Huawei Honor review: look out, Samsung - TechCentral

Huawei Honor review: look out, Samsung

Though Huawei isn’t a newcomer to SA, it’s only really begun to get traction in smartphones this year. It’s best known for its budget handsets but the Chinese company is also looking to tackle the top-end of the market. One of its first attempts is the U8860 “Honor”, a smartphone with a feature-phone price tag.

As far as specifications go, the Honor stacks up well against its nearest competitors. It’s powered by a 1,4GHz Scorpion processor (the same one found in Nokia’s Lumia 800) and has 512MB of RAM and 4GB of flash memory. The Honor’s storage space is expandable by up to 32GB via a microSD card slot.

The Honor runs Android 2.3 (Gingerbread) and comes with the custom user interface overlays we’ve come to expect from manufacturers looking to differentiate their products. Huawei’s attempt at jazzing up Android is surprisingly good and it includes a couple of real gems.

Most noticeable among the various tweaks is Huawei’s treatment of the Honor’s on-screen keyboard. Swiping across it lets you select from three different keyboard layouts: a Qwerty keyboard; one that pairs letters together for larger keys and then uses predictive text; and a numeric keyboard for the one-handed typists who miss the days of three letters to a key.

Swiping up on a key inserts a capital letter while swiping down inserts the symbol beneath it — the numbers 1 to 6 in the case of the letters beneath Qwerty. The result is a phone that allows for incredibly speedy text input, complete with haptic feedback and traditional Android shortcuts such as the ability to hit the space key twice for a full stop.

Huawei calls its keyboard treatment “TouchPal” and it includes an edit menu that offers users four-way arrow keys grouped around a “select” button and options for “page up/down”, “home”, “end” and the requisite copy, paste and cut functions. For those that type long message or e-mails, this feature alone makes the Honor worthy of a second look.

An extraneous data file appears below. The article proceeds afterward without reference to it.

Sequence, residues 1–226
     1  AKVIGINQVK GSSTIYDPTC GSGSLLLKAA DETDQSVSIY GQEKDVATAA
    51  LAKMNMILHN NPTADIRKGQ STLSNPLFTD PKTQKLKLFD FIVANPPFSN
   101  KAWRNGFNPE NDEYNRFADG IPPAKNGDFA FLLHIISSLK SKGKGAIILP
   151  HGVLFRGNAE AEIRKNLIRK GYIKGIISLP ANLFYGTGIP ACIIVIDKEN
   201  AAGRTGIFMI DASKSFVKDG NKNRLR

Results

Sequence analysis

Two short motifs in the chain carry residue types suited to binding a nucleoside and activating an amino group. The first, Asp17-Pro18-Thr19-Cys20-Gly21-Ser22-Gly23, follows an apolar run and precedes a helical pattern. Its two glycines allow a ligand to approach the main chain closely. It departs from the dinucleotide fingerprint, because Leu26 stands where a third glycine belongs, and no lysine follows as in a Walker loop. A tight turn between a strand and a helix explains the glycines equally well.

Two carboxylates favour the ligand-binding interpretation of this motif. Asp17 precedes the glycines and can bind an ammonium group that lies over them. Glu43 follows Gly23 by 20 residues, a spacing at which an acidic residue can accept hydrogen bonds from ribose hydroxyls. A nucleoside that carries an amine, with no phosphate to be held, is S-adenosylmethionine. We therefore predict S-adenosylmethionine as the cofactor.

A further addition to the user interface that may not be unique to Huawei — but is nevertheless welcome — is its amendment to the Honor’s lock screen. Dragging the padlock icon to the left of a circle opens messages, while the right side unlocks it. Dragging it up opens the call log and down the camera — and what a capable camera it is.

The Honor’s no lay-about when it comes to its camera; something that’s normally one of the first things to be sacrificed when the price tag is low. Boasting an 8-megapixel autofocus shooter that’s also capable of 720p video at 30 frames per second, and offering a great deal of manual control, the Honor holds up pretty well against its far pricier competitors.

Though the autofocus is not the snappiest we’ve seen, and is always centred, video quality is respectable. The front-facing camera might only be VGA, but the fact that there’s a front-facing camera at all is something to be impressed by. It’s not the best camera phone in the world but when one considers that the Honor costs less than R2 500 it’s downright astounding.

That’s right, the Honor is R2 399! Despite the price, it has a four-inch display that’s the same width as the iPhone’s but a little taller. The resolution isn’t to be sneezed at, either. With 480×854-pixel resolution and a pixel density of roughly 245ppi, the Honor has the best screen we’ve seen on a budget device to date.

Thanks to its processor, the Honor is very smooth to operate — there is no lag whatsoever when moving between home screen and applications open nearly instantly. Even with multiple applications running it doesn’t slow down. Frankly, the user experience is akin to that of a device twice its price.

If there’s any complaint to be levelled at the Honor, it’s the shoddy English that’s crept into the software. For example, the tutorial for TouchPal includes typos such as “accroding” and “recommanded” on the page explaining its auto-correction functionality.

However, that’s a minor gripe about what is a truly incredible device. For the price, you’ll be hard pressed to find a more capable handset. If Huawei can continue to up its game while keeping its prices low it could do what Hyundai did to cars and Samsung did to, well, handsets. If Huawei’s competitors aren’t paying attention, they certainly should be. The dragon is awakening.  — (c) 2012 NewsCentral Media

  • At the time of publication, TechCentral was quoted a price of R2 499 for the Huawei Honor. Huawei has since indicated that the standalone price in SA is in fact R3 599. Unfortunately, the impetus of our review was shaped by the far lower of the two prices and the piece should be read with that in mind.

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